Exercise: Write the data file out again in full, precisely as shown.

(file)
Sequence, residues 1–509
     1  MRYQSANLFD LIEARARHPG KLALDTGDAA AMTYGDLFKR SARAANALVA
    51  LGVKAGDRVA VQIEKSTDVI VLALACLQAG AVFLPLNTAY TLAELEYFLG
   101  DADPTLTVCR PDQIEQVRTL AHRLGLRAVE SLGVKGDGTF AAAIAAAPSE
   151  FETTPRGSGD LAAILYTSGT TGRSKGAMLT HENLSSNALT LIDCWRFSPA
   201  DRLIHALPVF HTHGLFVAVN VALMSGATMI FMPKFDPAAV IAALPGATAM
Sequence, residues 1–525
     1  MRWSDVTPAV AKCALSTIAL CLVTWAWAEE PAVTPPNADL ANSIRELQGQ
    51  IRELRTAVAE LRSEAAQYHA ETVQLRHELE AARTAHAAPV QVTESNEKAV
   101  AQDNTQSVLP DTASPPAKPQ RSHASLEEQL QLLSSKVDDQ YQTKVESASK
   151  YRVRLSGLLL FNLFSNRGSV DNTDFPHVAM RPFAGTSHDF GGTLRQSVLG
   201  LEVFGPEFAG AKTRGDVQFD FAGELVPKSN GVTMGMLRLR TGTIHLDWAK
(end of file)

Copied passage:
Sequence, residues 1–509
     1  MRYQSANLFD LIEARARHPG KLALDTGDAA AMTYGDLFKR SARAANALVA
    51  LGVKAGDRVA VQIEKSTDVI VLALACLQAG AVFLPLNTAY TLAELEYFLG
   101  DADPTLTVCR PDQIEQVRTL AHRLGLRAVE SLGVKGDGTF AAAIAAAPSE
   151  FETTPRGSGD LAAILYTSGT TGRSKGAMLT HENLSSNALT LIDCWRFSPA
   201  DRLIHALPVF HTHGLFVAVN VALMSGATMI FMPKFDPAAV IAALPGATAM
Sequence, residues 1–525
     1  MRWSDVTPAV AKCALSTIAL CLVTWAWAEE PAVTPPNADL ANSIRELQGQ
    51  IRELRTAVAE LRSEAAQYHA ETVQLRHELE AARTAHAAPV QVTESNEKAV
   101  AQDNTQSVLP DTASPPAKPQ RSHASLEEQL QLLSSKVDDQ YQTKVESASK
   151  YRVRLSGLLL FNLFSNRGSV DNTDFPHVAM RPFAGTSHDF GGTLRQSVLG
   201  LEVFGPEFAG AKTRGDVQFD FAGELVPKSN GVTMGMLRLR TGTIHLDWAK